Joanna's first identified publication in 1866 gave no indication of the direction of her future works. Guy Hamilton: A Novel of the Civil War was issued in an inexpensive paper edition by the American News Company and aimed at an adult audience.  Her next book, Bessie at the Sea-Side, published in late 1867 (and retailing for $1.25, more than twice the price of Guy), truly launched her career. The story featured the episodic adventures of precocious five-year-old Bessie Bradford, her seven-year-old sister Maggie, and, occasionally, their siblings. At a time when many authors were moving away from proselytizing child protagonists, Joanna created characters who frequently spoke about their faith and influenced others yet also engaged in childish play and sometimes misbehaved. One source states that Bessie was supposedly "composed without thought of publication" and "was purely imaginary, based on no special incidents of which she had any knowledge," created while Joanna was "trying to wile away the tedium of a sick room to which she was confined."  (Those circumstances may account for the dedication in the sequel, "To the Children of Dr. John Murray Carnochan, the kind friend and physician to whose skill and patience I owe a life-long debt of gratitude.") Like her sister, Joanna dedicated her first children's book to her mother, and, like her sister, had the work published by Robert Carter (and by Nisbet in the United Kingdom). By the end of 1868, Joanna had added two more volumes about Bessie, and Carter started advertising them under the heading "The Bessie Books." Even though the series ended in 1870 when it reached six volumes (a standard length for series during the era), for the rest of Mathews's life -- and in her obituary -- she would be remembered as the author of "The Bessie Books."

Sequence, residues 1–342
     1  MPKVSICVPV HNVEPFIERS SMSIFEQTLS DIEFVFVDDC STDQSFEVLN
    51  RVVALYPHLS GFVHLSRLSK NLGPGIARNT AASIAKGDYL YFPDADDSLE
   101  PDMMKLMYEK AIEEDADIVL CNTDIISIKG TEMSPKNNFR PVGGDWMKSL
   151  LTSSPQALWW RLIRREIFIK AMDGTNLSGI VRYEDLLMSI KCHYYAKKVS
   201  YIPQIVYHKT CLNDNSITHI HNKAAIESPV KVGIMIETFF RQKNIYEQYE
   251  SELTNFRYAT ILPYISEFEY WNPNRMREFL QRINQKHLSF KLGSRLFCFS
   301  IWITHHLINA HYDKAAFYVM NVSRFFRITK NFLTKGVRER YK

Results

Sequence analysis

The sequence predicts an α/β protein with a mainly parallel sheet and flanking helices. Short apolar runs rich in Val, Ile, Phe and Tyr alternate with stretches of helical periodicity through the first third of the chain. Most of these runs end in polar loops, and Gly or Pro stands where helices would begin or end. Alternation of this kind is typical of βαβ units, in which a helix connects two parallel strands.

The 1870 census, taken mid-year, found the the family still in New York City. James Mathews had died in January, and sixty-four-year-old Ann was now the head of the household, with real estate valued at $40,000. All seven daughters were still unmarried and sharing her home. Even though Julia and Joanna were publishing steadily, no one in the family lists an occupation.
During the next decade, Joanna and Julia continued writing. In 1870, along with a stand-alone title, Julia started a six-volume series for boys, Drayton Hall, dedicated "to the memory of my father," and completed it the following year. After 1871, her writing pattern changed: For the next few years, rather than publishing books she contributed occasional poems, essays, and short stories to the American Tract Society's newly established periodical, The Illustrated Christian Weekly, and may have been submitting material to other periodicals as well. In 1876, Carter published two non-series volumes, both later bundled into the Haps and Mishaps series with four titles by Joanna. Julia's final two books were issued by a different publisher, Roberts Brothers. Although the second of these, Bessie Harrington's Venture (1878), was advertised as "A Novel . . . her first effort in mature fiction," it was generally reviewed with children's books, and its British publisher, Nisbet, included the volume in his School Girl Series.
Joanna also was proving astonishingly prolific: all six volumes of her Flowerets series, based on the Commandments, appeared in 1870; 1871 saw the first two volumes of Little Sunbeams, the last four of which appeared in 1872, along with the first three volumes of the Kitty and Lulu series. The remaining three volumes of Kitty and Lulu were published in 1873, as was Fanny's Birthday Gift, the initial volume of Miss Ashton's Girls. Were that not enough, Joanna had three short stories and a poem published in the Illustrated Christian Weekly in 1871-72. The poem, "Mischievous Daisy," was one of two "Daisy" poems, both written as if spoken by a very small child and filled with mispronunciations. ("Down in de b'ight deen meadow/De pitty daisies' home--" begins the other, "Daisy's Faith.") The original publication date of "Daisy's Faith" has not been located, but Mathews appears to have caught the fancy of the era, for it was included in several anthologies for recitations between 1875 and 1912.
At some point during this period of productivity, probably 1873 or 1874, the Mathews family moved to Summit, New Jersey, where Joanna and Julia remained for the rest of their lives. The 1880 census showed Ann still headed the household, which included six of her daughters (all but Gertrude) and two Irish servants. Only one daughter, Caroline, had married; her husband and their four-year-old son shared the Matthews' home.